Awaiting 21st Law Commission’s final report on Uniform Civil Code: Centre

The Centre, in an affidavit, has told the Delhi High Court that it would examine a detailed report of the 21st Law Commission which undertook detailed research on the Uniform Civil Code after receiving several representations from various stakeholders.

A consultation paper on August 31, 2018, titled ‘Reform of Family Law’ was uploaded in its official website for wider discussions, the Centre said, while replying to a plea filed by advocate Ashwini Upadhay seeking to draft a Uniform Civil Code in the spirit of the Article 44 read with Articles 14, 15 and 21 of the Constitution.

As and when the report of Law Commission is received, the Government would examine the same in consultation with the various stakeholders involved in the matter, the Centre added.

There were no commissions in the matter after the 21st Law Commission in 2018 as the Centre did not reconstitute one.

The plea contended that it is necessary to study the Civil Laws of the developed countries, particularly the Common Civil Codes of France, China, and Japan and also necessary to incorporate the best practices of all religions and communities. It is pertinent to state that Goa has a Common Civil Code for a long time. Therefore, the same code may be amended and adopted as the UCC throughout the territory of India.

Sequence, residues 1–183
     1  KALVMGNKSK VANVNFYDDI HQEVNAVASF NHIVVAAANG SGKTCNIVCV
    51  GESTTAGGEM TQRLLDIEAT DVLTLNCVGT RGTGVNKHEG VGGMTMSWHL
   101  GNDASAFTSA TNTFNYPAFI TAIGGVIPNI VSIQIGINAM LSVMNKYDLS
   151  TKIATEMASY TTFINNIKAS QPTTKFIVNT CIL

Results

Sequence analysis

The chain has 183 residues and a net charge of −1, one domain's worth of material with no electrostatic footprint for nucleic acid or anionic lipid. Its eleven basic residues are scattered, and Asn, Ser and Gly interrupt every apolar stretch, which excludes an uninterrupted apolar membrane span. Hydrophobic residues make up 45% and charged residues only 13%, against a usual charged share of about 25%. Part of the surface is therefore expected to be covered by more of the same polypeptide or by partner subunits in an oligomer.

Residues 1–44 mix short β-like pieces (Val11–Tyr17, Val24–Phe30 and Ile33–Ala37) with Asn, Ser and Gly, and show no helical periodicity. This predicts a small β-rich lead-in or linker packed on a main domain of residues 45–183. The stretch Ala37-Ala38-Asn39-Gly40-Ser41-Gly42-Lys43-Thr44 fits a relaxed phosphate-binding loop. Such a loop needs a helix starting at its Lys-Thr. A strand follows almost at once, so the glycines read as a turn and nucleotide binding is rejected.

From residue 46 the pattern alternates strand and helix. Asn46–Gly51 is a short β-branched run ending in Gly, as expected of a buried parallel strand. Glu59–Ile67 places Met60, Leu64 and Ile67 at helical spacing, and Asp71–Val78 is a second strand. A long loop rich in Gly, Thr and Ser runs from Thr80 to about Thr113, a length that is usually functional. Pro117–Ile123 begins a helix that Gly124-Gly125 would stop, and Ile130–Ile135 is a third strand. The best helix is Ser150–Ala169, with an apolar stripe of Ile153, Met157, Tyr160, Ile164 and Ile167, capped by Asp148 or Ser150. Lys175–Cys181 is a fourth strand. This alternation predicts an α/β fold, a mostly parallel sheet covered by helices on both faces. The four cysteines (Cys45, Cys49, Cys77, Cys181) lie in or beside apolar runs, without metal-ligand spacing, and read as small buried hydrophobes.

In its submission, the Centre said that in view of the importance of the subject matter and sensitivity involved, it is required that an in-depth study of the provisions of various personal laws governing different communities be conducted.

Updadhyay’s petition contended that Shariat is controlled by legislation in Pakistan and Bangladesh. In India, a uniform law of maintenance was adopted by Section 488 CrPC. When Section 125 CrPC extended to divorced women, Muslims contended that it should not be applied to them as it was contrary to Shariat but the court turned down this contention.

The court also rejected the argument that according to Muslim Personal Law, the husband’s liability to provide for the maintenance of his divorced wife is limited to iddat. It was held that Section 25 CrPC overrides personal law. If the government is serious to bring about a common civil code, it should come forward with an authoritative pronouncement instead of “being beguiled by statements issued by few fundamentalists led by the All India Muslim Personal Law Board, which is an NGO, registered in 1973”, the plea said.




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